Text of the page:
Informed sources in the Iraqi holy city of Najaf disclosed to Asharq Al-Awsat that “those observing what is happening did not expect al-Sadr to remain in the city of Najaf for long, because of rumours about serious threats being issued against him by the Asaib Ahl al-Haq group. The Asaib Ahl al-Haq group is said to have issued a statement declaring the killing of Moqtada al-Sadr lawful. This statement was then distributed to some residents of Najaf, who subsequently detailed its content to the leader of the Sadrist movement.” Continue reading

Iran’s Continued Meddling in Iraq

 

Iranian interference remains a threat to stability in Iraq.

Iraqi Oil Minister Hussain al-Shahristani displays an elections application.

Photo: AP

Iraqi Oil Minister and Prime Minister Nouri al-Maliki‘s political bloc member, Hussain al-Shahristani, displays an elections application, during a press conference in Baghdad, Iraq, 11 Apr 2010

"I think ultimately Iraqi nationalism will trump Iranian meddling."

In recent weeks, there have been reasons to believe the Iraqi people will see a future shaped by their own determination to forge a strong and unified Iraq, and not by those who would deny them the chance for peace, freedom and security.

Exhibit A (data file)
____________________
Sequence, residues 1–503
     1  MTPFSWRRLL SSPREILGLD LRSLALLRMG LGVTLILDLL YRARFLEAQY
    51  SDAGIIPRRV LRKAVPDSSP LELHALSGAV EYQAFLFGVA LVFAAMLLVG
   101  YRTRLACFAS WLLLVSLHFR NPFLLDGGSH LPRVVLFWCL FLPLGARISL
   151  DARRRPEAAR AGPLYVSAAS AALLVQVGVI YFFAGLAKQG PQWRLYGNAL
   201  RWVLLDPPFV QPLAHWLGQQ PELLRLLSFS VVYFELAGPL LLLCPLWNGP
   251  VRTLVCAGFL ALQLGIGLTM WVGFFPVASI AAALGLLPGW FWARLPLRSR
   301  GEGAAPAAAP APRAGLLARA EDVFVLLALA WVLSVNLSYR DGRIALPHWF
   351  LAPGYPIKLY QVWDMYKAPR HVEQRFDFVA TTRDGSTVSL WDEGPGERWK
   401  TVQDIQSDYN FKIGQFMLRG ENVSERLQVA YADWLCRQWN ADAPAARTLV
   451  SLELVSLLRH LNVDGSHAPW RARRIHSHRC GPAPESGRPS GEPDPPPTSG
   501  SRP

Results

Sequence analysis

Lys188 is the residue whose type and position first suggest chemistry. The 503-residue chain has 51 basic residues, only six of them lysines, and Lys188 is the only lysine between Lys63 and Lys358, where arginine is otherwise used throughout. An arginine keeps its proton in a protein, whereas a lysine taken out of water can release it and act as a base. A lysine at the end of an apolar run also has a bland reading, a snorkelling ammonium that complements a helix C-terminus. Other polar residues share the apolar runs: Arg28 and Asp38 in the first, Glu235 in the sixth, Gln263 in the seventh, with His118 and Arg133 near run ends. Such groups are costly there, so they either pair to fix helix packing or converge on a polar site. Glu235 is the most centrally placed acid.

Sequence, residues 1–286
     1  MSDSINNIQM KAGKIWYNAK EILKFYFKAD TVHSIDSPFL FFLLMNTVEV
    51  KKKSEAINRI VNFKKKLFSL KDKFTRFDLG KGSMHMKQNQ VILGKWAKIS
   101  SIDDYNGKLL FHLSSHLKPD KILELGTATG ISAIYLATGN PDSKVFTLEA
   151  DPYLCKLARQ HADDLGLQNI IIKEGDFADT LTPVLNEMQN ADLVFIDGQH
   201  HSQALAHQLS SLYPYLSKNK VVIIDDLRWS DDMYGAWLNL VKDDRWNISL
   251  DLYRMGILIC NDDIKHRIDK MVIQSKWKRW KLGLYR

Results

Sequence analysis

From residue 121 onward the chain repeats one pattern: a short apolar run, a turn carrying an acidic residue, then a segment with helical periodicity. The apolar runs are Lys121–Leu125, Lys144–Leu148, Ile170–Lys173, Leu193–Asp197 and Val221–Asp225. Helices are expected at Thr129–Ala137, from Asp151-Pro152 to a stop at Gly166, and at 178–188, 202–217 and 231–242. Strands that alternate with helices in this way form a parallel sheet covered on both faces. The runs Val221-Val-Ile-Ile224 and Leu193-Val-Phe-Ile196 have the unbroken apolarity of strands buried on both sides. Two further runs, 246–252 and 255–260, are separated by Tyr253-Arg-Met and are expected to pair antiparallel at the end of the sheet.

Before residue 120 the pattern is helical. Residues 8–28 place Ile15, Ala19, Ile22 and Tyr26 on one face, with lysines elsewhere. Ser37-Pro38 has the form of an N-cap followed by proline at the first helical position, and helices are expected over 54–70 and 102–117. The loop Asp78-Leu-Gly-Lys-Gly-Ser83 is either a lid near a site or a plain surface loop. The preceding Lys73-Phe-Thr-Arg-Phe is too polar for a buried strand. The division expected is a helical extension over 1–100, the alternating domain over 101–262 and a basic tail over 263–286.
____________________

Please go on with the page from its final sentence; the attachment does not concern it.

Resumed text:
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Bombs kill 60 in Iraq days after al Qaeda killings

The Associated Press

Date: Friday Apr. 23, 2010 1:13 PM ET

Slideshow image

People rush to extinguish a burning car moments after one in a series of bombs in the Shiite

stronghold of Sadr City in Baghdad, Iraq, Friday, April 23, 2010. (AP Photo/Karim Kadim)

BAGHDAD — A series of bombings mainly targeting Shiite worshippers killed at least 60 people on Friday, officials said, just days after U.S. and Iraqi forces killed the top two al Qaeda leaders in Iraq in what was described as devastating blow to the insurgency.

The apparently coordinated attack, which occurred in a two-hour timespan, demonstrated insurgents remain a potent force despite U.S. and Iraqi claims that the terror network is on the run.

Officials have warned insurgents remain capable of staging high-profile bombings in a bid to reignite sectarian tensions that pushed the country to the brink of civil war

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Bombs kill 60 in Iraq days after al Qaeda killings – CTV News.

US: Deaths of al-Qaeda leaders in Iraq potentially devastating

20.04.2010 00:59

The killings of al-Qaeda‘s top leaders in Iraq during an overnight operation carried out by US and Iraqi forces are “potentially devastating blows” to the terrorist network in the country, US Vice President Joe Biden said Monday, dpa reported.

US and Iraqi authorities confirmed that Abu Ayyub al-Masri, al- Qaeda’s top figurehead in Iraq, along with senior leader Sheikh Abu Omar al-Baghdadi were killed near Tikrit in Salah al-Din province.

Biden attributed the success to improved capabilities of Iraqi security forces and said the operation was based on intelligence gathered by the Iraqis following the arrest of another al-Qaeda leader last month.

“Their deaths are potentially devastating blows to al Qaeda- Iraq,” Biden said, calling it an “extremely important” development.
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Trend News: US: Deaths of al-Qaeda leaders in Iraq potentially devastating.